The Taliban’s Imposition of Increasingly Harsh Sharia Law in the Swat Valley

Malala was 10 when the Taliban came to the Swat Valley, seemingly appearing out of nowhere. The Taliban fighters were armed with knives and Kalashnikovs (assault rifles) and wore black badges that said “Sharia law or martyrdom.”

Their leader was 28-year-old Fazlullah. He set up a radio station in the Swat Valley known as Mullah FM, and people called him the Radio Mullah. Many people in Swat got all of their information from the radio because they didn’t have a TV or were illiterate.

Soon, says Malala, the Radio Mullah began telling people to stop listening to music, watching movies, and dancing—activities that he said were sinful and had caused the earthquake. Malala asked her father if the Quran really prohibited those things, and Ziauddin told her that the Radio Mullah was making it up.

Fazlullah often preached directly to women, instructing them to stay home and go outside only in emergencies. Soon, the Radio Mullah was preaching that girls should not go to school.

One day, when Malala and her family were passing through a Taliban checkpoint, Taliban soldiers carrying Kalashnikovs told Malala and her mother that their failure to wear Burqas was shameful. When the family returned home, they found a note from the Taliban on the gates of Ziauddin’s school. It threatened severe punishment unless the school stopped teaching girls. While all this was happening, the authorities and the people did nothing to stop it. Malala’s father said that people had been seduced by Fazlullah.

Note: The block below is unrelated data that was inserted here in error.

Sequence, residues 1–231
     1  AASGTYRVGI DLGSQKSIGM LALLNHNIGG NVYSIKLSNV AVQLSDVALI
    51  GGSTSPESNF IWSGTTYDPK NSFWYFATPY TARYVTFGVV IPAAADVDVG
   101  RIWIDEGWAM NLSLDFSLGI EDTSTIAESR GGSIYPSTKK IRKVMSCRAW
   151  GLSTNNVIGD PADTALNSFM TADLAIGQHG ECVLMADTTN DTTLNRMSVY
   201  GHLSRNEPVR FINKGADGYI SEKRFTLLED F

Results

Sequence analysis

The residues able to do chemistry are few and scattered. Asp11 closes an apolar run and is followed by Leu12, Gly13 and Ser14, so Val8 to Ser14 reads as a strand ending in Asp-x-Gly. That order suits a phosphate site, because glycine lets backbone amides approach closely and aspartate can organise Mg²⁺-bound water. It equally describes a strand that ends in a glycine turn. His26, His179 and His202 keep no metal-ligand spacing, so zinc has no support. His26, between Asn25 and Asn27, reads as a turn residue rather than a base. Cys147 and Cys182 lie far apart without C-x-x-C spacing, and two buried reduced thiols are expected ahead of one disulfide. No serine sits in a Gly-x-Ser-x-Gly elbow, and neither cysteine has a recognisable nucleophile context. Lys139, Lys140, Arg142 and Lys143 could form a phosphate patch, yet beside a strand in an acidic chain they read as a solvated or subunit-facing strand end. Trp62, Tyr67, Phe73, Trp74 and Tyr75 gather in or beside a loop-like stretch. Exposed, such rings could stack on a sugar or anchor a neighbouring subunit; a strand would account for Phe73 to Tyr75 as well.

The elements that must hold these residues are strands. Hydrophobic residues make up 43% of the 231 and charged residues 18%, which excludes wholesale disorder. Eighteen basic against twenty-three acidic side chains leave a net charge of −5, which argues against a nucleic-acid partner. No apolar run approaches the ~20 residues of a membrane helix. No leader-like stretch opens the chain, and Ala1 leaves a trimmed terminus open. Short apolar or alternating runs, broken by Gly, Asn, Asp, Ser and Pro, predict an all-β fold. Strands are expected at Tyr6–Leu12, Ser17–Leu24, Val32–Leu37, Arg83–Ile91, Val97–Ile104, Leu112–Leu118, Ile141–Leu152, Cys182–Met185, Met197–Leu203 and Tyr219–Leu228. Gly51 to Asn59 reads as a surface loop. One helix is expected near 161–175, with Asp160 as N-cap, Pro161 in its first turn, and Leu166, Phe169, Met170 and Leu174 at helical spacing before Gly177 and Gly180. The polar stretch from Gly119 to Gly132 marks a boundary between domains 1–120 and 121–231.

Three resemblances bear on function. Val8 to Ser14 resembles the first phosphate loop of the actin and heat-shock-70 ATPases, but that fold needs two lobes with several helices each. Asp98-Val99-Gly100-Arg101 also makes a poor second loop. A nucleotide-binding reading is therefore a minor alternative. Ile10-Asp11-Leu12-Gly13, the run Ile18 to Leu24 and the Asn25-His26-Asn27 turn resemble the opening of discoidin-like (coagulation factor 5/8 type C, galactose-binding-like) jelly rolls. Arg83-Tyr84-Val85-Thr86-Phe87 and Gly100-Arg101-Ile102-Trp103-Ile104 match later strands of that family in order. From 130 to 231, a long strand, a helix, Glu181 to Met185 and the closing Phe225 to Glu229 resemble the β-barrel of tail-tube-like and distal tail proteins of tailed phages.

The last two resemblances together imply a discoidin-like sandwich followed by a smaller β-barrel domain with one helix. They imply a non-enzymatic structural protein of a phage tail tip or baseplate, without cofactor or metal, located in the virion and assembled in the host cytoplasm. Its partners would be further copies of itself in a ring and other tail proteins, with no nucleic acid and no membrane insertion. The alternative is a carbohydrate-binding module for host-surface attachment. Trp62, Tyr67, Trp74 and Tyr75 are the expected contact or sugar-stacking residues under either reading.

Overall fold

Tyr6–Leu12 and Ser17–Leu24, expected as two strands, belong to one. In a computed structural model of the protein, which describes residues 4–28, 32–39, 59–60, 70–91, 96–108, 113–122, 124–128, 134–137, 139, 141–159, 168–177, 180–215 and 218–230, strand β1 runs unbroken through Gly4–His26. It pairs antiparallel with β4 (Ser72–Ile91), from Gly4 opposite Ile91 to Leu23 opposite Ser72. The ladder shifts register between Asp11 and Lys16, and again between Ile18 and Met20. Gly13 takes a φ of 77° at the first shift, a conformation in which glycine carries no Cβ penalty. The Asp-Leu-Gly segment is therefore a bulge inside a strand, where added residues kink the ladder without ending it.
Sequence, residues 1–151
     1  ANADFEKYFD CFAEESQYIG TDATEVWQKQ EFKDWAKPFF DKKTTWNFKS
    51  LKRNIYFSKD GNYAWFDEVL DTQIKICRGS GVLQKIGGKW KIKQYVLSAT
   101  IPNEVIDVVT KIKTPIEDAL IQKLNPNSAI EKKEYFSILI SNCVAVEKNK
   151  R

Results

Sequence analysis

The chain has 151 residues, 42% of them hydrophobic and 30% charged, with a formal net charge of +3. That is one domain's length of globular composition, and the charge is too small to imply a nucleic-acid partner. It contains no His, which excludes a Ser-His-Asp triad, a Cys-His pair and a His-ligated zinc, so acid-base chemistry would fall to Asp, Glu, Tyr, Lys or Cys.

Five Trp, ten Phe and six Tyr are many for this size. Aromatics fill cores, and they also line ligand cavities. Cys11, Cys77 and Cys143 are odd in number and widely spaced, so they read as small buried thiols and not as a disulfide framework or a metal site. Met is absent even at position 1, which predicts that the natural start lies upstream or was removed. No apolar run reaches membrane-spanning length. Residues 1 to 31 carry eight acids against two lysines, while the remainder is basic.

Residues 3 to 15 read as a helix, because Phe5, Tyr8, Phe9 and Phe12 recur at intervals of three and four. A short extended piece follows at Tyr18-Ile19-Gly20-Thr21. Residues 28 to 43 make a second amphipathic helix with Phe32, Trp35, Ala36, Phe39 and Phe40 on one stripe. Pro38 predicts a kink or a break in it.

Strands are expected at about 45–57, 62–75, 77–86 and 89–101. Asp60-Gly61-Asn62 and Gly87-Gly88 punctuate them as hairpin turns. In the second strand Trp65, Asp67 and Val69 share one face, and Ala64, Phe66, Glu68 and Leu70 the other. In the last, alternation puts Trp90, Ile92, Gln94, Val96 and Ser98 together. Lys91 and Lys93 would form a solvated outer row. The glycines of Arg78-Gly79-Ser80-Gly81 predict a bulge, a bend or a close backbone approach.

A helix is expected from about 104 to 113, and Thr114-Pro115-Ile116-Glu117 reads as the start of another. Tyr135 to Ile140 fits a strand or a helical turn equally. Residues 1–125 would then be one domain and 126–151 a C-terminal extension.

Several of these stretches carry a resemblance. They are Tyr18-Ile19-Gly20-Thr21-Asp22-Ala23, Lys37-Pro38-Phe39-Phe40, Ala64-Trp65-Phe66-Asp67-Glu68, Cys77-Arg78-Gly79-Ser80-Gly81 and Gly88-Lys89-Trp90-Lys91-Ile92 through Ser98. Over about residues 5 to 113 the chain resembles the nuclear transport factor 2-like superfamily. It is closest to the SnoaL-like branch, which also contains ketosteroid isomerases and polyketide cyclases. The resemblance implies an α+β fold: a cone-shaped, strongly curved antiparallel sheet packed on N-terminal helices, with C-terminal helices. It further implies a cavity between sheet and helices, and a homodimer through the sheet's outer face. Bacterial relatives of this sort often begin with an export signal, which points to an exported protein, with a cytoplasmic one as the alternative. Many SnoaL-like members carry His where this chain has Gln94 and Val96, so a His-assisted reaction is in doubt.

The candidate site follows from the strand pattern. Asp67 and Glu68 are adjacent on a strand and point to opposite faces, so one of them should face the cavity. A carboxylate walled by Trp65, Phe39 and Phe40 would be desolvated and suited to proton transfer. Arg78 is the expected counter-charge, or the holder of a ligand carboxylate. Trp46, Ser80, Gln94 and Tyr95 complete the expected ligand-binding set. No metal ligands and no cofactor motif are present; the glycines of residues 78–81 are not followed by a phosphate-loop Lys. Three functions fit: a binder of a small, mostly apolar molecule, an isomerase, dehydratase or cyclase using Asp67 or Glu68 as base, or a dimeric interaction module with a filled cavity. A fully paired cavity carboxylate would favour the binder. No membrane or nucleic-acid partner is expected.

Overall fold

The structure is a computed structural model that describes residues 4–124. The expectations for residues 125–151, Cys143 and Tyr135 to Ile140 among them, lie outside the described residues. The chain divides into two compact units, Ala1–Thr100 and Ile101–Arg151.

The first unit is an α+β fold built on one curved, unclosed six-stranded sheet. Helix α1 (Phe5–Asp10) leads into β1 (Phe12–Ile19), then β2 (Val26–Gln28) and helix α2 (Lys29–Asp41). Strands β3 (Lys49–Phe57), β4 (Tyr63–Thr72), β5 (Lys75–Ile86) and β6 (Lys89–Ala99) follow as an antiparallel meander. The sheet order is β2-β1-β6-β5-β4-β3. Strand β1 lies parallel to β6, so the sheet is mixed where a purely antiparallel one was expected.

Malala Spoke Out in Support of Girls’ Education and Against the Taliban

Some of the Pashtun elders in Swat, including Ziauddin, banded together to challenge Fazlullah. They spoke out against the Taliban by giving interviews on radio programs like Voice of America and the BBC. Malala’s father encouraged her to speak up, and she began giving interviews as well.

She started when she was 11 by doing group interviews with her classmates, in which they spoke about girls dropping out of school because of the Taliban. But, when her classmates reached 13 and 14, the men in their families didn’t want them to give interviews anymore because they were afraid the Taliban would punish them for not observing purdah after puberty. Malala had the support of her father and believed it was important to speak the truth, so she continued. She believed God would protect her because she was doing what was right. 

Ziauddin’s friend, a BBC radio correspondent, called him looking for a female teacher or student to write a weekly diary about life under the Taliban. Malala volunteered to do it. They had a computer, but there were frequent power cuts and little internet access, so the correspondent interviewed Malala over the phone and wrote up her thoughts. She used a pseudonym—Gul Makai—and couldn’t tell anyone she was writing the diary because it was too dangerous. The diary garnered international attention. Malala began to see the power of the written word.

Malala’s Family Fled the Swat Valley

Finally, the Pakistani Army launched a more intensive effort to drive the Taliban out of Swat. The government told people to evacuate. Malala’s family tried to stay, but the fighting left them constantly anxious. They left the Swat Valley along with almost two million Internally Displaced Persons (IDPs).